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05.02.2019 | Original Article | Ausgabe 5/2019

Acta Diabetologica 5/2019

Gender difference in the risk for cardiovascular events or mortality of patients with diabetic foot syndrome

Acta Diabetologica > Ausgabe 5/2019
Giuseppe Seghieri, Laura Policardo, Elisa Gualdani, Roberto Anichini, Paolo Francesconi
Wichtige Hinweise
Managed by Antonio Secchi.

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The online version of this article (https://​doi.​org/​10.​1007/​s00592-019-01292-y) contains supplementary material, which is available to authorized users.

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Diabetic foot syndrome (DFS) increases the risk for atherosclerotic cardiovascular disease (ASCVD), chronic kidney disease (CKD), or mortality. The present study aims at ascertaining whether such DFS-related excess risk differs between genders, retrospectively investigating a population with diabetes from Tuscany, Italy, followed-up for 6 years (2011–2016).


People with diabetes living in Tuscany on January 1st 2011 identified by administrative databases, were divided by baseline history of prior DFS hospitalizations, stratified by presence/absence of peripheral vascular disease and evaluating, by Cox regression analysis, whether adjusted DFS-related excess risk of incident ASCVD, CKD or mortality differed between genders.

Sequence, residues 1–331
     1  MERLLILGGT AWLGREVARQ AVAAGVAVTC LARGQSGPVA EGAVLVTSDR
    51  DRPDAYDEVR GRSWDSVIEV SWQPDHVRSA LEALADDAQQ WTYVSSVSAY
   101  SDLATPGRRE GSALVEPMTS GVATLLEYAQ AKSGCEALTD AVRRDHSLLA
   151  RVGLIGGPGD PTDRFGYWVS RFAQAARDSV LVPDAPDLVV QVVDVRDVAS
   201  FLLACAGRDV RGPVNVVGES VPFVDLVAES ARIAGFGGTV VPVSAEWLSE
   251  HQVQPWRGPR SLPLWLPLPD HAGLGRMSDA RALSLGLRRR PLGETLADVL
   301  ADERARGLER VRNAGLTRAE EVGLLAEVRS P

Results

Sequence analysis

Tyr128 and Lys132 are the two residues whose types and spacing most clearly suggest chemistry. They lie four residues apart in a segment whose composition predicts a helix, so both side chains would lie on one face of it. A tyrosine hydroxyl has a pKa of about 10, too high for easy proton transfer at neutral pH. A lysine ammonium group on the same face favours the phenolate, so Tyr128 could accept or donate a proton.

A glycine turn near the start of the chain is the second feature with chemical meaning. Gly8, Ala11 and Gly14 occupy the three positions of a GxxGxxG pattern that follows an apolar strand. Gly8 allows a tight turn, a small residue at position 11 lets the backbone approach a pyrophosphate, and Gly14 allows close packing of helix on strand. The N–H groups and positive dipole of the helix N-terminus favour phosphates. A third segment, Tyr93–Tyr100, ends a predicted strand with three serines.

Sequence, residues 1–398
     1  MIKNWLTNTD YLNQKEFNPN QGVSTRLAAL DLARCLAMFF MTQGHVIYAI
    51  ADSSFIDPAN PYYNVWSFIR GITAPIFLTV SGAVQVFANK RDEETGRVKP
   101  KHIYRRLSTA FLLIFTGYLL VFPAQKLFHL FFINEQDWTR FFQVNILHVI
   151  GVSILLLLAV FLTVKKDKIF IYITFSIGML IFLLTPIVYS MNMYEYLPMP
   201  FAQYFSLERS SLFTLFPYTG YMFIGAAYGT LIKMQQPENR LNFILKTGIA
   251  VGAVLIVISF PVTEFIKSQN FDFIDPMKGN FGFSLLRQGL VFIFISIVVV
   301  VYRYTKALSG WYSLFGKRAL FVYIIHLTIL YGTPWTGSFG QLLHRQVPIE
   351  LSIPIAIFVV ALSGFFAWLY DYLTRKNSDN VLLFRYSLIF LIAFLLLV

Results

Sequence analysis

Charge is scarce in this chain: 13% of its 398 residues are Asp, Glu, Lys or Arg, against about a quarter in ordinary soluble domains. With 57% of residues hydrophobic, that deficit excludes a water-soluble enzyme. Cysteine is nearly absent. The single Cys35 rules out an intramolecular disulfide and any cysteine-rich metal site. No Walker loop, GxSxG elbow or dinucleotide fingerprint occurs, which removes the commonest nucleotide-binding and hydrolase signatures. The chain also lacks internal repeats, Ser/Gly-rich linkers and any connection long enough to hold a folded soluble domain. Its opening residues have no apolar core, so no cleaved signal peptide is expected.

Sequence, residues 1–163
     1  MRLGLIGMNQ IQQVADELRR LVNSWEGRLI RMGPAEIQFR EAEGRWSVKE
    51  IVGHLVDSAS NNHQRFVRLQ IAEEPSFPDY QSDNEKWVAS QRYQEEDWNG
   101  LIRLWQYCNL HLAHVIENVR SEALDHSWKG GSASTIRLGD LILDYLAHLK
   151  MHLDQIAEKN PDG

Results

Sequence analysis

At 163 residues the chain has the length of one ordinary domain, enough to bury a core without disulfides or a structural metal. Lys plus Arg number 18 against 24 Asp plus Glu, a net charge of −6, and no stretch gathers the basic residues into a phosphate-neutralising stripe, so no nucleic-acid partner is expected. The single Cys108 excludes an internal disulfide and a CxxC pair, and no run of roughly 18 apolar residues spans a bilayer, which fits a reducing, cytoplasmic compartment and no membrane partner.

In an overall population of 165,650 subjects with diabetes (81,829M/83,821F), basal prevalence of DFS was twice higher among males, who were moreover at a significantly greater risk of all considered outcomes along the 6-year period. On the contrary, baseline DFS significantly increased the hospitalization risk for ASCVD, CKD and mortality equally or at a slightly greater extent in females, while the risk for stroke was significantly associated with DFS only among females (HR: 1.622 (1.314–1.980); p = 0.0001 vs. HR: 1.132 (0.955–1.332); p = NS). This finding was even reinforced in non-vascular DFS, which was associated with a significant raised risk for stroke, heart failure or mortality exclusively in females.


In this population, DFS prevalence and overall risk for ASCVD, CKD or mortality were significantly higher among males. Baseline co-presence of DFS, however, conferred a similar adjusted risk for all these outcomes between genders, and in case of non-vascular DFS the risk was significantly increased only among females.

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